As a nation, we love heavy breakfast foods. From pancakes dripping with butter and maple syrup to fried bacon and eggs, typical all-American breakfasts are tasty, but certainly don’t win the nutrition Olympics. But with a few simple tweaks, you can enjoy a lighter morning meal. Try these six recipe swaps for breakfast classics that are a bit more healthful and still tasty.
The Classic: A Stack of Pancakes
Those fluffy pancakes from your local diner are likely loaded with problematic nutrients: calories, saturated fat, added sugars and sodium. If you’re eating out, your pancakes can contain between 500 and 1000 calories, and up to 50 grams of fat! DIY pancakes fare slightly better, but pancake mix can also be high in sodium and added sugars.
Try making pancakes from scratch! Swap white whole-wheat flour into your pancake recipe for a boost of fiber without any noticeable impact on the flavor. Never made pancakes before? Try our recipe for Whole-Grain Buttermilk Pancakes!
The Classic: French Toast with Butter and Maple Syrup
It may not look like more than gooey bread, but a plate of diner french toast can contain between 740 and 1000 calories. A few pats of butter and a drizzle of maple syrup piles on even more calories, mostly from added fat and sugar.
If you’re preparing French toast at home, use 100% whole-wheat bread or multi-grain bread. You’ll get more fiber and nutrients than you will from white bread.
You can also try swapping out your two tablespoons of maple syrup for homemade fruit compote. This will boost your antioxidants, fiber and flavor, and compote is quick and easy to make! Heat ½ cup fresh or frozen berries in a small saucepan on low for 10 minutes, stirring occasionally until the berries achieve a sauce-like consistency. Then, pour your compote over your French toast and enjoy!
Finally, consider swapping out your tablespoon of butter for a tablespoon of almond butter instead. You’ll get a boost of healthy fats that will make the meal more satisfying.
The Classic: Bacon, Egg and Cheese on a Bagel or English Muffin
Bacon, egg and cheese on a bagel or English muffin is a cafe classic. The eggs and bacon, make this dish high in protein and iron, but just one sandwich can have up to 30% of your daily saturated fat, and almost half your sodium. Try our swaps to lessen the load a bit.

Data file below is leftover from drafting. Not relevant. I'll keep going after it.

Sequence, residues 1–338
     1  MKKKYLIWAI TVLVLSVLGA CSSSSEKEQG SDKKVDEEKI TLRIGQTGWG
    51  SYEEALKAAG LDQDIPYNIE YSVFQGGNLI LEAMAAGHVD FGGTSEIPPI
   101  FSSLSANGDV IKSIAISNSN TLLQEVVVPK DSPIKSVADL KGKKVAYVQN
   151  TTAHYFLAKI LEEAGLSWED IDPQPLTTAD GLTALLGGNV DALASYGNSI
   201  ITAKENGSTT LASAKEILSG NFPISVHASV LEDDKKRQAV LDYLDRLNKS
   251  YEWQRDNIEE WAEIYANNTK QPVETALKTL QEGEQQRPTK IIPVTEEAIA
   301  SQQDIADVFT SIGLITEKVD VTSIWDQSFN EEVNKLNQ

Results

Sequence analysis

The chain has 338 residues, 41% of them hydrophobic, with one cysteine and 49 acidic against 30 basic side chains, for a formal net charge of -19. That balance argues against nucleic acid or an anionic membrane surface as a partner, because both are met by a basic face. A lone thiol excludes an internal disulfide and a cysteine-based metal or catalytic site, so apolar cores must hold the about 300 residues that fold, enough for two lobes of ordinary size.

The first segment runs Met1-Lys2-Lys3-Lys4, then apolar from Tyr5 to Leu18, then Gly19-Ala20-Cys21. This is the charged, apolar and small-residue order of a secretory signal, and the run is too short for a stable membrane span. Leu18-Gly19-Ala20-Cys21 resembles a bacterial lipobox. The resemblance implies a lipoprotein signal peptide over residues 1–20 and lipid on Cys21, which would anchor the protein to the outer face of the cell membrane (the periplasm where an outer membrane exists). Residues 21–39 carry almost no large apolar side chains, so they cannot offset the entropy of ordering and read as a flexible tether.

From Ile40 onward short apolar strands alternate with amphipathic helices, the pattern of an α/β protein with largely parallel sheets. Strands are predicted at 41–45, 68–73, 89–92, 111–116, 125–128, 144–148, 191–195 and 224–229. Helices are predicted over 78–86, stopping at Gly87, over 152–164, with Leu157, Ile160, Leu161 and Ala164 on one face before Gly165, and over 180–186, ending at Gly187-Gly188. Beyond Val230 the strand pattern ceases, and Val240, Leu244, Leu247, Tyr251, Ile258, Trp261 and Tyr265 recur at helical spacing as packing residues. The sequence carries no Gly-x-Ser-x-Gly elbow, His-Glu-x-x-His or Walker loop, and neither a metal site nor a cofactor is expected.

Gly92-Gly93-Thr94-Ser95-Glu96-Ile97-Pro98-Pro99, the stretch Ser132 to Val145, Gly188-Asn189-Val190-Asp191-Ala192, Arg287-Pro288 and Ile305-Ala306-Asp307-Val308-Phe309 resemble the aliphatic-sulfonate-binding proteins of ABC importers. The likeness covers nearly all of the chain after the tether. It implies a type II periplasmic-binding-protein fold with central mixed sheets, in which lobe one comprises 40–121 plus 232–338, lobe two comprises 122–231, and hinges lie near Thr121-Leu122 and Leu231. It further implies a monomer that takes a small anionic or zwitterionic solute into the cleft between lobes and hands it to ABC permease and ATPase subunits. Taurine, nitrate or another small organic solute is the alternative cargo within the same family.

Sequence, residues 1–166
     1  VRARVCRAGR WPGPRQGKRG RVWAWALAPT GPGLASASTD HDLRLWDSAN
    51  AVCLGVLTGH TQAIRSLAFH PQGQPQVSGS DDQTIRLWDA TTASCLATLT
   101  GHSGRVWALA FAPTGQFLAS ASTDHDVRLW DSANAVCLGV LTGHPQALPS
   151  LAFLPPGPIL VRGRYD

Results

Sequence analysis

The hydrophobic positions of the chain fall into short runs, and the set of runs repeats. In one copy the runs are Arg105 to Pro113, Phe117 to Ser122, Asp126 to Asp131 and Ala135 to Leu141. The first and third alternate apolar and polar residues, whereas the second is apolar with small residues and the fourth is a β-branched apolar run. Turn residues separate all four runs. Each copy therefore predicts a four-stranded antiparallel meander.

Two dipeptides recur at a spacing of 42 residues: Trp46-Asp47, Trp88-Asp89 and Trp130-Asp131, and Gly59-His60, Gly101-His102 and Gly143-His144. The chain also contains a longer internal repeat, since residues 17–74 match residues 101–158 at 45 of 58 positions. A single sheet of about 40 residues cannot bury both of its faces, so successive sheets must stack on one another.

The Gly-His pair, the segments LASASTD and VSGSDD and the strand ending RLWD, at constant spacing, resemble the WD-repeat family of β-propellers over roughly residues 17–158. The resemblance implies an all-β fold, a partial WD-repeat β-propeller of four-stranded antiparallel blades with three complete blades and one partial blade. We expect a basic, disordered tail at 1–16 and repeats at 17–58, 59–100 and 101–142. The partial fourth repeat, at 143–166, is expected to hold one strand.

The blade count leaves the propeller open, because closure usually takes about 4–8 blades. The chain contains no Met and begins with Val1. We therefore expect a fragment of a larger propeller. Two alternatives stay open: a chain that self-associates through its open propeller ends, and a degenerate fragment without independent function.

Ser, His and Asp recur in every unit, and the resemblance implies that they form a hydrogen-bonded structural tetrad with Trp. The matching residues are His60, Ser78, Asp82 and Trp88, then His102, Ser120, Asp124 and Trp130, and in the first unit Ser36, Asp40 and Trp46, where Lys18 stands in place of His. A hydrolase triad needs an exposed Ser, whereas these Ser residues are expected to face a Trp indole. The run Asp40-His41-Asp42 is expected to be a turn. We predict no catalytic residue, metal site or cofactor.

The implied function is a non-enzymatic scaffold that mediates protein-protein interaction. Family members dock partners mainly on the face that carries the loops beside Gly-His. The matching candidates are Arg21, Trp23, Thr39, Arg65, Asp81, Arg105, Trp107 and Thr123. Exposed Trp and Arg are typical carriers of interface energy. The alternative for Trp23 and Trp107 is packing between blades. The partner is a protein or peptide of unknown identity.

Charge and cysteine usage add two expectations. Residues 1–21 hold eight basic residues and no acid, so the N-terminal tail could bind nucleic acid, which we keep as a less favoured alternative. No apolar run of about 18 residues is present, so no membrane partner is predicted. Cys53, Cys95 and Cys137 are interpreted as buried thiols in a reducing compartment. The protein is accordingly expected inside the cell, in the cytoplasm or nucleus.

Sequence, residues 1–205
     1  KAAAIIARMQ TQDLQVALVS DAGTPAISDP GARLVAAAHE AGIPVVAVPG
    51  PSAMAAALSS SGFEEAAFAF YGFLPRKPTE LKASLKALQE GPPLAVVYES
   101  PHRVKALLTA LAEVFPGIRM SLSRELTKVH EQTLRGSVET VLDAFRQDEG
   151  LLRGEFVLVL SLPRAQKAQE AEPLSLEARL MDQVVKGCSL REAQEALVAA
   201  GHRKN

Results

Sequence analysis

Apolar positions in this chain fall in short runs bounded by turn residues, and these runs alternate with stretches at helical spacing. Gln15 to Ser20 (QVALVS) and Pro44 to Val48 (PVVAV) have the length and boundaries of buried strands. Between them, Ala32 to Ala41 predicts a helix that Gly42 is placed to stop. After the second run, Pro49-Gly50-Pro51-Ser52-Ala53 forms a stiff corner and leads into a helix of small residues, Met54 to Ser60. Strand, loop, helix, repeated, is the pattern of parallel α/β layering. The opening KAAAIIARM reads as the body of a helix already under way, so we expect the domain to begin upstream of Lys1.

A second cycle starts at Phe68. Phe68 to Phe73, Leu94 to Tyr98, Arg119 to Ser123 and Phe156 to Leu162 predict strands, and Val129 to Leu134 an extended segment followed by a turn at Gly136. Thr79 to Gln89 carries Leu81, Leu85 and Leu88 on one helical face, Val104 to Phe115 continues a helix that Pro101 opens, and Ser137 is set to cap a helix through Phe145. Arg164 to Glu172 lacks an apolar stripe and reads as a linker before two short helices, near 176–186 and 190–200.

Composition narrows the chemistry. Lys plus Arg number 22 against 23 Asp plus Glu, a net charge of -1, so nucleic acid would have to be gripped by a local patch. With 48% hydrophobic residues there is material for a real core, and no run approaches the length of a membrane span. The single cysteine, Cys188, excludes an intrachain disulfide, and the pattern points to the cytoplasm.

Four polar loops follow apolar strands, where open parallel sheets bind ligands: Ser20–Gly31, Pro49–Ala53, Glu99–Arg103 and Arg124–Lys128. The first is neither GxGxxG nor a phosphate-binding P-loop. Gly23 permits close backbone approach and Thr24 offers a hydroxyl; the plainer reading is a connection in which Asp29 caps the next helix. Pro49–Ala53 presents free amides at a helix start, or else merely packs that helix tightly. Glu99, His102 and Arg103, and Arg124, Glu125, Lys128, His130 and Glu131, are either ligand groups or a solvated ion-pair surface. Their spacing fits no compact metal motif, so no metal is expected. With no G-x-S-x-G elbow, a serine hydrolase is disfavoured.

Choose whole-wheat bagels and English muffins for more fiber and nutrients than you’ll get from their plain counterparts.
For a whole new take on this classic, try our Green Eggs & Ham Bagel Breakfast Sandwich!
The Classic: Sausage, Fried Eggs and Hashbrowns
A plate of sausage, eggs and fried potatoes is high in saturated fat, low in fiber and leaves your body wondering, “Where are the vegetables?” With a few tasteful swaps you’ll be on your way to a lighter breakfast alternative.
Substitute Canadian Bacon in place of sausage. It’ll still satisfy your savory cravings and you’ll get less than a gram of saturated fat per three-ounce serving.
Instead of fried potato hash browns, try half of a medium-sized baked potato, skin and all. It’ll lower the calorie count and add some essential minerals, including potassium, magnesium and iron, to the mix.
The Classic: Breakfast Burritos
Breakfast burritos are a filling, portable and savory breakfast full of whole-food protein. But classic burritos tend to be made with heavily processed flour tortillas, cheese and sausage. Individually, these ingredients aren’t all bad, but combined, they add up to a significant amount of saturated fat and sodium.
Instead of cheese, opt for a few slices of avocado or one or two tablespoons of rich, creamy guacamole. This reduces the saturated fat load and introduces a source of heart-healthy fats and antioxidant-rich nutrients.
Instead of sour cream, try Greek yogurt. Sour cream contains approximately 60 calories and 3.5 grams of saturated fat per serving, while low-fat Greek yogurt has just 22 calories and 0.3 grams of saturated fat.
The Classic: Breakfast Muffins
Muffins are a grab-and-go breakfast favorite, but many are full of calories from simple sugars and lacking in nutrient density. A large blueberry muffin, for example, has about 520 calories, most of which come from sugars (44 grams) and simple carbohydrates (74 grams). It’s also low in dietary fiber and micronutrients.
Instead of getting a store or cafe-bought muffin, check out our great recipes for baking your own!
If you already have a favorite muffin recipe, try swapping in whole-wheat flour or whole-oat flour for a boost of dietary fiber and essential minerals.
If you like to butter your muffin, try swapping out your tablespoon of butter for a tablespoon of nut butter (peanut, almond or cashew) instead. This will give you a boost of protein, fiber, micronutrients and healthy fats. In addition, this swap can help prevent fluctuations in blood sugar levels throughout the morning and promote slower digestion so you feel full and satisfied longer.